Managed investment trusts - overview
A managed investment trust (MIT) is a type of unit trust in which members of the public collectively invest in passive income activities, such as shares, property or fixed interest assets. A trust qualifies as a MIT if it meets certain requirements for the income year it is in operation.
MITs (and their members) are generally taxed under the trust provisions in Division 6 of the Income Tax Assessment Act 1936. Under these provisions, beneficiaries are generally taxed on their share of the net income of a trust or the trustee is taxed on their behalf, based on the 'present entitlement' of beneficiaries to trust income.
Changes to taxation of MITs
On 5 May 2016, the government enacted changes to the taxation of MITs. Eligible MITs may elect to apply the new rules for an income year starting on or after 1 July 2015. Once a MIT elects in, the trust provisions in Division 6 will no longer apply to that MIT. MITs that elect into the new regime are referred to as attribution managed investment trusts (AMITs) and are generally taxed under Division 276 of the Income Tax Assessment Act 1997.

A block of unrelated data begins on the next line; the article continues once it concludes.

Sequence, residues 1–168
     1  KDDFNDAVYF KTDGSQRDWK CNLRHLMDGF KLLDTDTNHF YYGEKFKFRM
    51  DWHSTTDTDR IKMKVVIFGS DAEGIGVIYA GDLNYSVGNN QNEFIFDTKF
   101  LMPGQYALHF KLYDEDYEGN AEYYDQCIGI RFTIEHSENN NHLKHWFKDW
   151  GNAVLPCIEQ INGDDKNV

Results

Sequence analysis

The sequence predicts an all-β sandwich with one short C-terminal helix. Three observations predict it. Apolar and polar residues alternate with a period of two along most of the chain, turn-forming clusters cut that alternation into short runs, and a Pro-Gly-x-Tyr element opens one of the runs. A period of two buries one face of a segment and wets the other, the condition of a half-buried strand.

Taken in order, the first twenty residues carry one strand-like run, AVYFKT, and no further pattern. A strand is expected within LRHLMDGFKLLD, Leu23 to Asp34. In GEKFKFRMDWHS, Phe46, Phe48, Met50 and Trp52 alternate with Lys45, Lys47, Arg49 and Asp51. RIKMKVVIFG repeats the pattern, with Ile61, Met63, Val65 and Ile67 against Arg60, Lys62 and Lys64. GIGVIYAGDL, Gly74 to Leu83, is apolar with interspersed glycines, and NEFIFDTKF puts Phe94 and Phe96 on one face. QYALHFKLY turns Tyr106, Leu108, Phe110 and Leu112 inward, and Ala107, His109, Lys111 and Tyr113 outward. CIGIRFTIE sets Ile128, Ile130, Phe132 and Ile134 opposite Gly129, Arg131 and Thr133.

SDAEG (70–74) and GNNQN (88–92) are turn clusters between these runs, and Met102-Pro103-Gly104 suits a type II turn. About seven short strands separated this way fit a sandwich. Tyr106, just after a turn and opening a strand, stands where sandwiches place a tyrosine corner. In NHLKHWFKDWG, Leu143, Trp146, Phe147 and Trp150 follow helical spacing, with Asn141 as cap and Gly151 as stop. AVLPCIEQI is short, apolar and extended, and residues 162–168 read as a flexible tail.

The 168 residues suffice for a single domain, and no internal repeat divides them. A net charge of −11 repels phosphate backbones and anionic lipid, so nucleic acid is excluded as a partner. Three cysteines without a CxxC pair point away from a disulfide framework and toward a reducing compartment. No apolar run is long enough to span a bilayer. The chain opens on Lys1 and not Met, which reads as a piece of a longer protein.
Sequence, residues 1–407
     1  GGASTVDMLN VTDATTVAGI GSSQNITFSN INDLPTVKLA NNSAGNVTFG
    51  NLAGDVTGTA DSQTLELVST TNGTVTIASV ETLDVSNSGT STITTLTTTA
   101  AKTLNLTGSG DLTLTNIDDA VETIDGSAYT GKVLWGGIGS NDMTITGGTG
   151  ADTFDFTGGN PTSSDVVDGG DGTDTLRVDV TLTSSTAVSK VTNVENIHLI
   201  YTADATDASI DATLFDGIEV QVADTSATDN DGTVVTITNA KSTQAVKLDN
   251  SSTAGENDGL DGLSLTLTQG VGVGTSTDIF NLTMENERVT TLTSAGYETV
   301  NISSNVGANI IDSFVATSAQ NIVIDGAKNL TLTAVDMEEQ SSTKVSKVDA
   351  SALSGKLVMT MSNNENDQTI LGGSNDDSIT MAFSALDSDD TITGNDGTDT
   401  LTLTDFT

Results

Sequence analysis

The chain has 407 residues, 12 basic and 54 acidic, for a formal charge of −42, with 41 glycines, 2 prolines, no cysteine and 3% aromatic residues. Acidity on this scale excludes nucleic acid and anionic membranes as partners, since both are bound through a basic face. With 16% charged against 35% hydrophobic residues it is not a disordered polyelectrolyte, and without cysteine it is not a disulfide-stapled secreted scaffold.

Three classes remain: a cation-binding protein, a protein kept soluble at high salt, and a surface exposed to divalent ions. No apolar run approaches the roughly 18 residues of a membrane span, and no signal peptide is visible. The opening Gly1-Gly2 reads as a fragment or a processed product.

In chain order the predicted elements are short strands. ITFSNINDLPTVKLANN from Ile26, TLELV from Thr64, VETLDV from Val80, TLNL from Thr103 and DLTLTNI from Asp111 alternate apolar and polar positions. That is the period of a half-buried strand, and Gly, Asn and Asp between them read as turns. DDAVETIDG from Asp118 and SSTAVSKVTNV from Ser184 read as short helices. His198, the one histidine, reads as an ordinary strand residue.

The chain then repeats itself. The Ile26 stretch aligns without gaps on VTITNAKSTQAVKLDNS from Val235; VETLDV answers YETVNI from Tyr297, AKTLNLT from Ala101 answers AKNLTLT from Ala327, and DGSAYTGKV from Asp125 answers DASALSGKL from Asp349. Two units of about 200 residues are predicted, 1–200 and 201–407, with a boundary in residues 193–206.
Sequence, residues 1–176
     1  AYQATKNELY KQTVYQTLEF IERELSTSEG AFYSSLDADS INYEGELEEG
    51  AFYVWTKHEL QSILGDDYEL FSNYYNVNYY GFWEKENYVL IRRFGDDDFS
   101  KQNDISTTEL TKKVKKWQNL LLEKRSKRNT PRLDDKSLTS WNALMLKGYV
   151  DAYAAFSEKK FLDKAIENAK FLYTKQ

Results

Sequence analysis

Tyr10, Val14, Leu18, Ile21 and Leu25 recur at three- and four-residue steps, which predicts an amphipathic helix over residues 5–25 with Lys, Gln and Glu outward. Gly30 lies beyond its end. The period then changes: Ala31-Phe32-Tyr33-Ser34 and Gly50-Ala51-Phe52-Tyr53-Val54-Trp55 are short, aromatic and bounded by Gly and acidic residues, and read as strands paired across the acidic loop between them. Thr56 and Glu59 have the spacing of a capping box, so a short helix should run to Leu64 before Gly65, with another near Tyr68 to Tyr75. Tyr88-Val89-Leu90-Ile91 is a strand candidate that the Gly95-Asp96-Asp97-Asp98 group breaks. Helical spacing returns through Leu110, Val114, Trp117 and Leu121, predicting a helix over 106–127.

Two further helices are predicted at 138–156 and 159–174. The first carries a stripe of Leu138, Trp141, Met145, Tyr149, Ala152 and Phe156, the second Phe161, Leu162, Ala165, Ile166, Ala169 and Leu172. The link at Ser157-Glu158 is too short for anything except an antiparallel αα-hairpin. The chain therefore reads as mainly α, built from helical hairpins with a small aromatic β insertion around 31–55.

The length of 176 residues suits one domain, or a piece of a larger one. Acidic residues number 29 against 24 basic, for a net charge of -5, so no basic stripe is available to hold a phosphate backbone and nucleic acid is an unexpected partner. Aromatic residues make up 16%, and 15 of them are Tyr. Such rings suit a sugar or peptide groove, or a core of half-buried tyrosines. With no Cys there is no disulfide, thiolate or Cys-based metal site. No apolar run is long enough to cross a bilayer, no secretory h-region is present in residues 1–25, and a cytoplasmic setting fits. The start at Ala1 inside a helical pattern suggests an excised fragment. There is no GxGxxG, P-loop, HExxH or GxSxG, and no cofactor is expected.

The new tax system also introduces changes for MITs generally, including amendments to the rules around withholding and non-arm's length income.
Changes to taxation of unit trusts
In addition, the law includes changes to the tax treatment of certain corporate unit trusts and public trading trusts due to the repeal of Division 6B and changes to the 20% tracing rule in Division 6C.
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